Then the excitement ramped up as Lauren’s saddle was put on Salerno. Once mounted, riders had exactly two minutes to warm up on the new horse before entering into the arena. Lauren commented, “I always like riding different horses. It’s a good experience because you have to adjust to a new horse in two minutes. I did a few bending left and right to make sure they were listening.” All four horses and riders held up amazingly well under the pressure, heat, and hard work as the long competition continued. Though all of the girls rode best on their own horses, they showed off their impressive riding abilities on the other horses as well.
Lauren scored in the 70s on all four horses, which gave her a cumulative score of 296 for Phase 4 and earned her the fourth place ribbon. Lauren was pleased with her results and explained, “This is my third time in the finals, and my first time in the final four, so I was definitely super excited. My goal for next year is hopefully to win!”
After a great round on her own horse, Kilian struggled a little with Parrandero and Santika and placed third with a score of 316. Youngest of the top four, Olivia turned in three high scores and placed second with a score of 341. But it was Samantha who turned in four extremely consistent rounds, all in the 80’s and 90’s. She finished with a score of 350 and the judges were impressed with her riding skills.
In addition to her long time equestrian partner, Samantha also had two of her barn mates in the top four as well as several other barn mates and her sister competing in the Talent Search. “It was helpful having Kilian and Olivia in the top four for support, but really all four of us supported each other and gave each other advice on our horses,” Samantha enumerated. Lauren agreed and said, “Everybody helped each other out in the warm up arena. For example, they would say whether you should or shouldn’t wear spurs, and everyone was really nice about it.”
Though Santika won the Best Horse Award this year, last year’s winning horse, Parrandero, carried Olivia to second place in Olivia’s first Talent Search Final. “I wanted to go in there riding forward and confident. At home since I train with dressage trainer Claudia Roberts, I do mostly flatwork and dressage work,” Olivia stated. “Having a strong foundation in dressage is especially helpful when riding other horses because you know how to lengthen and shorten their stride.”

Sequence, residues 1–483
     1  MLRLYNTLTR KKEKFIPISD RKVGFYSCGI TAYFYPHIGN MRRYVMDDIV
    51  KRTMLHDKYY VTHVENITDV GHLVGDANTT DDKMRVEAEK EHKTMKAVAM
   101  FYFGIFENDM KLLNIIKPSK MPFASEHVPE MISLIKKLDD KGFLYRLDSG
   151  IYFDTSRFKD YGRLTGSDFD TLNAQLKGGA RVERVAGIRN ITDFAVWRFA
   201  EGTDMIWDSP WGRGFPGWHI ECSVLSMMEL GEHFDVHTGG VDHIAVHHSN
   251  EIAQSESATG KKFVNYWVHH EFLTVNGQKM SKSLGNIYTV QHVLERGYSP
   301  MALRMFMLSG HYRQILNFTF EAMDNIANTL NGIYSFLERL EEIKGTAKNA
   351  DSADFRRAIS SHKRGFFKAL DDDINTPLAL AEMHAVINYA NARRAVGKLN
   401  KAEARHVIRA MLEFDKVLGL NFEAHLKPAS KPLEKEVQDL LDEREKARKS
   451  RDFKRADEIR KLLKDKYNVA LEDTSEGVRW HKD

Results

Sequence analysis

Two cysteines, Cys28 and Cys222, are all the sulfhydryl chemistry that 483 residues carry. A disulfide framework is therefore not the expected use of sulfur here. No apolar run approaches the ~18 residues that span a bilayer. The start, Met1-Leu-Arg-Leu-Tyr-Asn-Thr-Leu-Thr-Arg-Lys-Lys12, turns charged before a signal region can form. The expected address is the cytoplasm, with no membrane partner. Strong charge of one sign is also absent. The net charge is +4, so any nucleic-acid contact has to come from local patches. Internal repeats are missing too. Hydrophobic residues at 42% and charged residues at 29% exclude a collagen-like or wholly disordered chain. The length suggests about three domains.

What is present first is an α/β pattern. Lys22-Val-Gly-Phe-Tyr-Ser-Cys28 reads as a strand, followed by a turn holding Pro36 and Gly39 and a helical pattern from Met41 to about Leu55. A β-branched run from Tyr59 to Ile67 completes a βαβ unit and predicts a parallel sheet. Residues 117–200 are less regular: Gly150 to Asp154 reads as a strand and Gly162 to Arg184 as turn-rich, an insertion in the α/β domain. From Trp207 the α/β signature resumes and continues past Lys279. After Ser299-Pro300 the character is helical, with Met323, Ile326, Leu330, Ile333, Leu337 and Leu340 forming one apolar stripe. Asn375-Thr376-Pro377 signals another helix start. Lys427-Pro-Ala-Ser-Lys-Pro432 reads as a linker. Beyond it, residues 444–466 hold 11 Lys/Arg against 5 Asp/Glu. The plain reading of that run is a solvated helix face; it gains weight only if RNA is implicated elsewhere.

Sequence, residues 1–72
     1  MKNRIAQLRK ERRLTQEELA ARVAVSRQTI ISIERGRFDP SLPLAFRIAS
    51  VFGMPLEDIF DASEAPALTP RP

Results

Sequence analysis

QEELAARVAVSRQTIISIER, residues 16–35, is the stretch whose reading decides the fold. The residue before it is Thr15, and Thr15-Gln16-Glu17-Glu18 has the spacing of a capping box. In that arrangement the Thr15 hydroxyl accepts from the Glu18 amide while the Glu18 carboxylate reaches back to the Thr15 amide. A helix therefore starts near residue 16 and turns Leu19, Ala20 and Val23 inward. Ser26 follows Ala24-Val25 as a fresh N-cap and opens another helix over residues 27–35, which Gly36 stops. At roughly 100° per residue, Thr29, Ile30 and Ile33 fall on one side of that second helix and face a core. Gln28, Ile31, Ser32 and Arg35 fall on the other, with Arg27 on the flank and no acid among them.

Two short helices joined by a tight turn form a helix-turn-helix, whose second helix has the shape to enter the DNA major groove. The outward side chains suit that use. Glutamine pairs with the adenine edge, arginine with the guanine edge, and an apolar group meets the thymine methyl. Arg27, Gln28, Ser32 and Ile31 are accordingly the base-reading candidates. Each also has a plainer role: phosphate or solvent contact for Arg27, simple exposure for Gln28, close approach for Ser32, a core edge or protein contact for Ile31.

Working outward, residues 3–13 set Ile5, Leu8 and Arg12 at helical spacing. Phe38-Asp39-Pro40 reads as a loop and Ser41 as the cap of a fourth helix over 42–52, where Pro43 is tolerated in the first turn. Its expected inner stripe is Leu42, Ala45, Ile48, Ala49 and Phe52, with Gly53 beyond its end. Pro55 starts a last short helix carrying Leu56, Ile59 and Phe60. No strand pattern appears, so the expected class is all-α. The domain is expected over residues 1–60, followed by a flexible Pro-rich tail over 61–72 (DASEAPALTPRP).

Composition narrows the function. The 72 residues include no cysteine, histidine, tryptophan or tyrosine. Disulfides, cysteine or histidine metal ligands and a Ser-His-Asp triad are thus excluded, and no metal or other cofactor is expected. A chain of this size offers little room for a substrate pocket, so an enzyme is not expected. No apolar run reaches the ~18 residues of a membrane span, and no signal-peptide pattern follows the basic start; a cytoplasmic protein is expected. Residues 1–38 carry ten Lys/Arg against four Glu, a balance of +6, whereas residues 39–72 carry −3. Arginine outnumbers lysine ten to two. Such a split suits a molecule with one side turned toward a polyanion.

Karen praised Olivia’s work ethic and said, “Olivia is a quick learner and is always very focused. She also has a great feel.” Karen continued, “Now Kilian is a little more aggressive than Olivia. Her only issue is her nerves and she has to remember to calm down and breathe.” Kilian herself admitted, “I psyched myself out a little bit during the work-off since we had to ride our competitors’ horses. I was worried something would happen to Salerno.”
But Kilian schooled her nerves and her third place finish had the additional benefit of qualifying her for the Maclay Final. “I accomplished my goal of being in the top four,” Kilian stated. “It’s just such a great experience because it shows who has the most ability to become a professional, and I’m just so happy.”
As the trainer of three of the top four girls in the Talent Search, Karen explained how she prepared the girls for the Talent Search Finals. “All of my kids are very strong on the flat because my training program is very flatwork oriented. I also made sure they all schooled on the grass field to prepare for the jumping phase,” Karen said. “In addition, I will be judging the Talent Search Finals East this year for the third time, so I know what is expected to win. The Talent Search is one of the best finals because it truly shows the depth of a rider.”
In addition, Chrystine hopes the experience was beneficial for all of the riders who participated. “You had three different phases that could have exposed some of your weaknesses. What did you learn from that? I hope everyone comes away from this experience having recognized what they need to work on and that it will help improve their riding in the future.”